Managing Staff At Your Physical Therapy Private Practice

My #1 Tip for Managing Staff at Your Physical Therapy Practice

Here’s an issue that’s come up with many of the Physical Therapy private practice owners I’ve worked with:

“I want to grow and scale my PT practice.  We’re doing everything just like you laid out.  We had some growth initially.  But now, we’ve kind of plateaued…I’m telling my staff what to do, they’re just not doing it.”

If you have staff, this may sound familiar to you, too.

It’s tempting to put the bulk of the blame on your employees. And it’s true that every organization occasionally makes a bad hire.

But most the problem comes down to vision.

At your practice, you’re the Chief Executive Officer.

And likely the Chief Operations Officer.

That in itself is two MAJOR roles in your organization.

Frankly, when we’re wearing too many hats, we tend fall short in some of our responsibilities.  We simply don’t have the time and bandwidth to be all things to all people.

But we can prioritize and focus on the work that’s going to have the greatest positive impact. Here’s what that means for you and your PT practice.

Managing Tips for Physical Therapy Practice Owners

What It Means to be a CEO (And Where Many Owners Fall Short)

Where many owners fall short is confusing what being a CEO means…and ultimately what a CEO does.

A competent CEO paints a vision – a picture of the destination – and coordinates the entire team (whether PT, billing, reception, finance, PTA, marketing, legal, compliance, or PT tech) working in harmony toward the realization of that vision.

Being a CEO is NOT about getting to tell people what to do.

A Big Takeaway from an Exclusive Breakthrough PT Marketing Members Only Session at Bootcamp

Transitioning from an “I-told-you-so” entitled leader to a competent CEO involves a transformation.

And to give you a glimpse of that transformation, I want to share a behind the scenes look at a one of our Bootcamp sessions from a past event.

The subject was “How to Get Your Physical Therapy Staff on the Same Page.”

The audience was advanced Breakthrough PT owners and their staff who are presently growing and scaling their practices. 

The reason we started covering topics like this is because as Physical Therapy business owners solve the marketing problem – their schedules become full – and other problems rise to the top.

Or as Dan Kennedy puts it: “For every one problem you solve, two others will come up.”

For example, once schedules are full, most owners now focus on hiring PTs and other staff.

Not the easiest thing to do in today’s market with so much competition.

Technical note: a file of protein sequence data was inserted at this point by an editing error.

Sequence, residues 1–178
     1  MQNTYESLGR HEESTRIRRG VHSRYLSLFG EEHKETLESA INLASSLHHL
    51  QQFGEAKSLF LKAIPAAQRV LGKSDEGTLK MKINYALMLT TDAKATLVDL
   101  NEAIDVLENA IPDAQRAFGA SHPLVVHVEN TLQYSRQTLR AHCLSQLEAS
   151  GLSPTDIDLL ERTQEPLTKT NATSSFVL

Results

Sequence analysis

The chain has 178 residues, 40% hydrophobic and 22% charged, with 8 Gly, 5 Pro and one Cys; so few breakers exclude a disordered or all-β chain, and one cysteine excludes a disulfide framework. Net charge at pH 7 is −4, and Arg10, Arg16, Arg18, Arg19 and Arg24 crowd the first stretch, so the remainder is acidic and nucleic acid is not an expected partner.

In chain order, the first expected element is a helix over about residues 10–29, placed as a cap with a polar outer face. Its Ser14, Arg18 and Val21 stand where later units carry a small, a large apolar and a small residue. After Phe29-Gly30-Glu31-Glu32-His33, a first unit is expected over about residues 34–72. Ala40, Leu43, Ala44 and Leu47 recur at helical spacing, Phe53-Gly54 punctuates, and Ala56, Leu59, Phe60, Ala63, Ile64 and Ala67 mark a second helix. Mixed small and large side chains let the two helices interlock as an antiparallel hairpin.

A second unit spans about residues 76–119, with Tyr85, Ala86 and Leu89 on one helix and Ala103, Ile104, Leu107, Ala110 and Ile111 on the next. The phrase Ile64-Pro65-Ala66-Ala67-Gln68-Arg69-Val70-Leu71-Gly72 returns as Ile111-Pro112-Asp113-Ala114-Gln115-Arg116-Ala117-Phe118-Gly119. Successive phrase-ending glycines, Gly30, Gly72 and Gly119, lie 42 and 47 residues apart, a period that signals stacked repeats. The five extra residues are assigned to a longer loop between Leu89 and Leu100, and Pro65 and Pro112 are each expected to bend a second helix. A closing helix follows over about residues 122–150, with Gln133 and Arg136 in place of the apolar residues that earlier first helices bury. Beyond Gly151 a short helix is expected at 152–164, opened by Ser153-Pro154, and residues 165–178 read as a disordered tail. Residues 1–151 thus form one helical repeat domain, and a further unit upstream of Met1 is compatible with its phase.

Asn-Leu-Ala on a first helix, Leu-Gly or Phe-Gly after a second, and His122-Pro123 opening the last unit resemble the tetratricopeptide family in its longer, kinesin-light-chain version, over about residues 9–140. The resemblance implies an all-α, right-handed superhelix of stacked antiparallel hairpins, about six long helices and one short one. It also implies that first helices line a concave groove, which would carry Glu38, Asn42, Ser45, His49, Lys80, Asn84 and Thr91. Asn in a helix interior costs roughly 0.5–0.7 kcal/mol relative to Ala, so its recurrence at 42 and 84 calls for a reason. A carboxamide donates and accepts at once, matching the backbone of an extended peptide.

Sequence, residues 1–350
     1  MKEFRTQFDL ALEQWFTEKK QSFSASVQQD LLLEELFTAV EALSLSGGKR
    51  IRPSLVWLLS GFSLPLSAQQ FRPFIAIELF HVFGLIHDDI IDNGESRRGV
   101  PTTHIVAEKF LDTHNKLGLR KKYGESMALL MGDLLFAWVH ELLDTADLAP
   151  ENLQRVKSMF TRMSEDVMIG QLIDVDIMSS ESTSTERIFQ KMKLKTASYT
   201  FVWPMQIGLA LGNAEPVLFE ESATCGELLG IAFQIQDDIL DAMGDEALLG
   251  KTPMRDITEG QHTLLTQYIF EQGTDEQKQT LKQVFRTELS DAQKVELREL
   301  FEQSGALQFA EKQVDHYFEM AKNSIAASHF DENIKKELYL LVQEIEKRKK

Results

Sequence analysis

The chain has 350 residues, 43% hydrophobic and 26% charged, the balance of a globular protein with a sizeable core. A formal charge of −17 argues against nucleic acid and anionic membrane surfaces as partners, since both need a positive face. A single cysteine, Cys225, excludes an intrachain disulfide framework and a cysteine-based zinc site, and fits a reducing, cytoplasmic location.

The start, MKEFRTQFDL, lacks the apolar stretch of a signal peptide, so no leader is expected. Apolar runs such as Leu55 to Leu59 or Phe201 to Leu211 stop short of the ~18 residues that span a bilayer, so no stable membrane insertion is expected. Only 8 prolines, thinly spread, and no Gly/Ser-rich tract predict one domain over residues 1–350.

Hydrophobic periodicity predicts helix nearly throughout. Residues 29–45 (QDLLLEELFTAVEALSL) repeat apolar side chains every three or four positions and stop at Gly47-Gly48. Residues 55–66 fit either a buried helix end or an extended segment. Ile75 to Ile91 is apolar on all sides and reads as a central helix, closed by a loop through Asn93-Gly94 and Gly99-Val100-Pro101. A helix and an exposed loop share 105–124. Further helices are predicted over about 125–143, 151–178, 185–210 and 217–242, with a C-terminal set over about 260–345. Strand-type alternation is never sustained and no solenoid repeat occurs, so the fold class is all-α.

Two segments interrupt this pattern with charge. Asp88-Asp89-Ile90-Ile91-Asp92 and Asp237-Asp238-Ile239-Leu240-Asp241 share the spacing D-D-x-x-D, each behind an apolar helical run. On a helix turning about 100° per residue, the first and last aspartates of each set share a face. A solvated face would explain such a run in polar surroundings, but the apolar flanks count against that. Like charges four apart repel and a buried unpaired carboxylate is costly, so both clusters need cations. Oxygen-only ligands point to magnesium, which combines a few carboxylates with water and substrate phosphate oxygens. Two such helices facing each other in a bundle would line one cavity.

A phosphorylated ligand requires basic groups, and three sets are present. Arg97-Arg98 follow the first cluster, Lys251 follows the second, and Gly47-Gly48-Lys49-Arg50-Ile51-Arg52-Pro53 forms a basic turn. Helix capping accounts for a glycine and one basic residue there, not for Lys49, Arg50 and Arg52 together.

After that, it’s revenue cycle – getting paid quickly for what we do.

After that, it’s typically motivating staff – getting everyone on the same page.

So, to start this session, I asked, “What are you struggling with right now in getting your team on the same page?”

Here were a few of the responses: 

  • I can’t get my staff to buy in to weekly meetings.  We only meet once every other month right now.
  • How do we roll out financials for our staff?  How do we start sharing that information?
  • How do we get our team to keep doing Green Ink Letters?  7 Step Killer Exams?  Killer PT Testimonials Machine?

Take a step back and look at the above list.

What stands out for you?

What jumped out at me was delivering the change – the new process or idea – with the “WHY” – the reason we’re not making the change.

That’s not happening in the list above…

If we deliver the WHY in a compelling way, one that appeals to our teams, then those problems go away.

That list is not the REAL problem.

The real problem is the ability of the CEO to paint the vision then explaining the chess moves to get there – including the reasons why we’re making the chess moves.

What the Best, Most Effective CEOs Do

Just to recap, the best CEOs paint the reason “why” when introducing changes. 

Typically it follows this format:

  1.  “Here’s where we’re going.”  Paint the Vision.  (You’ll get bored doing this.  Persist.  Don’t quit.  Repeat it until your team can tell this story).
  2. “Here’s what we need to do.”  Most of us nail this part.  It’s really directives and/or delegation.
  3. “Here’s why we need to do this.”  Connect the directive with why it’s important to taking a step towards the vision.

Sounds simple, right?

The next time you feel frustrated as a CEO, go back to this formula and adapt it to the area where you are trying to make progress in your Physical Therapy practice.Now, if you’re still dealing with marketing problems and want to work on filling your schedule, check out my newest training – How To Double Your New PT Patient Visits In Less Than 12 Months

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